Cooper: Metro teachers will still get cost of living raise in January despite city's budget woes

Posted at 8:53 AM, Nov 26, 2019
and last updated 2019-11-26 19:36:41-05

NASHVILLE, Tenn. (WTVF) — Metro Nashville teachers will still get their 3% raise in January, despite the city’s ongoing budget problems.

In July, former Mayor David Briley announced an immediate 3% pay raise for teachers and staff and an additional 3% cost of living adjustment in January 2020.

On Tuesday, Mayor John Cooper said teachers and staff will still get the cost of living raise even though the city has a more than $40 million budget hole. He said the 3% -- $7.5 million of funding -- will be permanent and sourced from excess MNPS fund balance, of which $2.5 million has come from MDHA.

Read more: State Comptroller rejects Metro Nashville's current budget, says it's not balanced

The cost of living adjustment still needs Metro Council approval and will go before the Board of Education in December.

“Nashville’s teachers are our most important resource when it comes to public education, and we’re keeping an important promise made to our hard-working educators,” said Mayor Cooper. “We still have work to do in understanding how to better attract and retain teachers in our school system. I look forward to the results of the expert compensation study currently underway that will help us identify long-term solutions for improving teacher compensation.”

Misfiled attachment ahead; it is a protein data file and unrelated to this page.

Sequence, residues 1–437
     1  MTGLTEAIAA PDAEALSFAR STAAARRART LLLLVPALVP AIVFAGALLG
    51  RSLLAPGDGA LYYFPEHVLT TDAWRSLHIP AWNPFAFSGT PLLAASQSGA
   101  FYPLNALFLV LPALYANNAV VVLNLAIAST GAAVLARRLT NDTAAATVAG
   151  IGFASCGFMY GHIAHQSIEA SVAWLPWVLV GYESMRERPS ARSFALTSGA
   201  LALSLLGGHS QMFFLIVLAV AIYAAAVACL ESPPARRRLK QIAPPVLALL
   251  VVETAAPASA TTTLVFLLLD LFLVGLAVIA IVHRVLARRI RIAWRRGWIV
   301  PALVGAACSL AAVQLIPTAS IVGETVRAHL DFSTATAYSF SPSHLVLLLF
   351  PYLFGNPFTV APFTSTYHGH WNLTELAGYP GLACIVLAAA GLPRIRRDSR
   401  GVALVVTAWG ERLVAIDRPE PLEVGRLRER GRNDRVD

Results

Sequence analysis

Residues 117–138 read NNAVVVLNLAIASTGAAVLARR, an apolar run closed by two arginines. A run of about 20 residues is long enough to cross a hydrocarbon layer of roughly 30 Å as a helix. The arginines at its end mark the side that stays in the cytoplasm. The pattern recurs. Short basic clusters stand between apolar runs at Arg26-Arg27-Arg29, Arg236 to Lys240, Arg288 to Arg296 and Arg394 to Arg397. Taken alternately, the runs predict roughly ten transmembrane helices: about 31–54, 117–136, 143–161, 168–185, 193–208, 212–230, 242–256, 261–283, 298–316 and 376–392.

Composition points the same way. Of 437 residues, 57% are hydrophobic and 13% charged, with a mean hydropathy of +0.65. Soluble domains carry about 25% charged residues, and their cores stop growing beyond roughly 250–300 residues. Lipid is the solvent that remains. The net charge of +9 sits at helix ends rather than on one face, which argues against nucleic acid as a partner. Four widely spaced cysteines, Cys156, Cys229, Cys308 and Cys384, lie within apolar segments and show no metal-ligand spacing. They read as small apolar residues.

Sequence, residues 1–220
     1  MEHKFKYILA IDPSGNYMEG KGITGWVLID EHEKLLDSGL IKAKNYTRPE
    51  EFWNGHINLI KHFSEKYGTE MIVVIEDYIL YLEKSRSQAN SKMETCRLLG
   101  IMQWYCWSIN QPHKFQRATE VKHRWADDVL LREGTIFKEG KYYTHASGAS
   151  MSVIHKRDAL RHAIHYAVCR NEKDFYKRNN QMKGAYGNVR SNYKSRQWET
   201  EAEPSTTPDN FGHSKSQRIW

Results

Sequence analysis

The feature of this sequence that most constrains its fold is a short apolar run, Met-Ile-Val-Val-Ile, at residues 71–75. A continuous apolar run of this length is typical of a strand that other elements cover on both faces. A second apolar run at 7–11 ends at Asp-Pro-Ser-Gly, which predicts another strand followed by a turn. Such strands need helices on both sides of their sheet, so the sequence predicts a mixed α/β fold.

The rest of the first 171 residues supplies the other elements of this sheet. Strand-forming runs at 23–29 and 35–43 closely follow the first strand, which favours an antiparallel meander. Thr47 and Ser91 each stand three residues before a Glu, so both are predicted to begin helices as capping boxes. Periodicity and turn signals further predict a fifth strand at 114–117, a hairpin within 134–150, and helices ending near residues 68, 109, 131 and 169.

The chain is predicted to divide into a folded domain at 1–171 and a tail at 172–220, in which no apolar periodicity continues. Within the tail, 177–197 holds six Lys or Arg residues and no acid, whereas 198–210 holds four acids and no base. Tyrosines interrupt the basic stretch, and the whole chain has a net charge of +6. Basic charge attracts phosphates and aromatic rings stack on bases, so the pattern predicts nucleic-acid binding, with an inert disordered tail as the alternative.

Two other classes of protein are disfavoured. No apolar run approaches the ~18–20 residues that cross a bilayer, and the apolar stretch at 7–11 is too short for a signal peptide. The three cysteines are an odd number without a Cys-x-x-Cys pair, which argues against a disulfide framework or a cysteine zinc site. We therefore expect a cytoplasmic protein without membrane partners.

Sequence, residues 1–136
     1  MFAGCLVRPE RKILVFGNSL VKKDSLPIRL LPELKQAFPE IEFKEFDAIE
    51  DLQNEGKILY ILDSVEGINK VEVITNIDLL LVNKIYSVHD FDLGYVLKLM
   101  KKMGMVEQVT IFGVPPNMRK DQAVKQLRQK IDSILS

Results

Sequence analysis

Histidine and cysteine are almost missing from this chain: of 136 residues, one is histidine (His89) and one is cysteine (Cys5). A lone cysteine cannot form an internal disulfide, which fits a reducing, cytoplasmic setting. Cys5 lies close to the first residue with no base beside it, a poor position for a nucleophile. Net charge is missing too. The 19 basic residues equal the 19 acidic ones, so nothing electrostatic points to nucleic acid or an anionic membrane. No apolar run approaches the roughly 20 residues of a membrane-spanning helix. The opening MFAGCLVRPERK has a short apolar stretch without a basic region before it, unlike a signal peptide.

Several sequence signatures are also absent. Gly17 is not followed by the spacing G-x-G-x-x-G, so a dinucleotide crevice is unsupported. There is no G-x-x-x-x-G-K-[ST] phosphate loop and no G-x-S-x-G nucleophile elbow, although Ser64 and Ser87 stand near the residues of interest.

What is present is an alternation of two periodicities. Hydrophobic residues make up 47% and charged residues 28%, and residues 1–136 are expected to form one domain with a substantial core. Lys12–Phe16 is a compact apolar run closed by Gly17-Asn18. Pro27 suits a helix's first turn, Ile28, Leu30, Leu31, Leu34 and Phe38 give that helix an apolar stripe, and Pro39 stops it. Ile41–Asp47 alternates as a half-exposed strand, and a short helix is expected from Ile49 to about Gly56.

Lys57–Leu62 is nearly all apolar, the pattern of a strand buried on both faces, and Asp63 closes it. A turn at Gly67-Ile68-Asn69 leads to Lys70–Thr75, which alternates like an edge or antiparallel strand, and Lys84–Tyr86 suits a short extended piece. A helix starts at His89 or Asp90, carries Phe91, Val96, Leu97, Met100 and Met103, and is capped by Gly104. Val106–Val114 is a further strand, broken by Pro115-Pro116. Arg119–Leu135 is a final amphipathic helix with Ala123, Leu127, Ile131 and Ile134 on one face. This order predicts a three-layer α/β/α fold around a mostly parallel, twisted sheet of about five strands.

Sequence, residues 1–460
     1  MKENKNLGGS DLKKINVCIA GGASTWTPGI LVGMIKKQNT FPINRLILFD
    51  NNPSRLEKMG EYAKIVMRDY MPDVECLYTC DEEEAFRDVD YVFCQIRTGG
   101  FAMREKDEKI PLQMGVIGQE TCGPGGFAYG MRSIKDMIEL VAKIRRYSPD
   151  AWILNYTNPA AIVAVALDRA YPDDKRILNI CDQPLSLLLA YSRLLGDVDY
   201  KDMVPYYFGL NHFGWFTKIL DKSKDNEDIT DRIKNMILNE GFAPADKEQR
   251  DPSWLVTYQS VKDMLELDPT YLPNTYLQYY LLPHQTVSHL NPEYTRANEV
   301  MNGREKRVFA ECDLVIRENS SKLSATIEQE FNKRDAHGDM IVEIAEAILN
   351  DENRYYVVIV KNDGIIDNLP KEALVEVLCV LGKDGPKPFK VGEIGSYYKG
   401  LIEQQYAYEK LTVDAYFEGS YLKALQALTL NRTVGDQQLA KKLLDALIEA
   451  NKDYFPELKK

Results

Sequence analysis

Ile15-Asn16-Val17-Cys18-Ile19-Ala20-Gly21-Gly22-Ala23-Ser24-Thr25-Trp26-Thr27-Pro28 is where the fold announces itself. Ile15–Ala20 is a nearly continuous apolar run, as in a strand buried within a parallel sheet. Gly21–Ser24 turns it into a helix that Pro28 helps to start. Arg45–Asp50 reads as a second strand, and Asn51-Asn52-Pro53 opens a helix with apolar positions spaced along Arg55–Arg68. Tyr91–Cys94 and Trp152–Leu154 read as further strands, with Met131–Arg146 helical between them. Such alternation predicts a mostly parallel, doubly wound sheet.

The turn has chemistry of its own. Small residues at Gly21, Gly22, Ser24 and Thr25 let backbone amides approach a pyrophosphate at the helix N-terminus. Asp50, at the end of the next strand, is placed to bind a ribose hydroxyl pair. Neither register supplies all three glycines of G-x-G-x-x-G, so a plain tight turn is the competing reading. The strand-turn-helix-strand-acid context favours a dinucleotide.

The issue of teacher pay has been a central focus in both elections and protests through 2019. Amand Kail, President of Metro Nashville Education Association, said this raise is very appreciated by the teachers. However, she thinks without some sort of recurring increase in the future, it doesn't help with the cost of living in Nashville that much.

"If you're a teacher with 15 years of experience 10 years ago and you're a teacher with 15 years of experience now, you're only earning $100 more than you were 10 years ago," said Kail.

She marched with hundreds of others through the streets of Nashville in May, asking for a 10-percent increase to teacher pay.

"What we want to do is put requirements for annual cost of living increases. We want to put in the salary schedules that MNPS has proposed doing that would lift the employees up to having salaries that equal the average salary here in Nashville based on education levels and experience. We want to put that in a contract," she said.

An expert teacher compensation study is expected to be completed in February of 2020 to find "the causes of MNPS teacher attraction and retention challenges."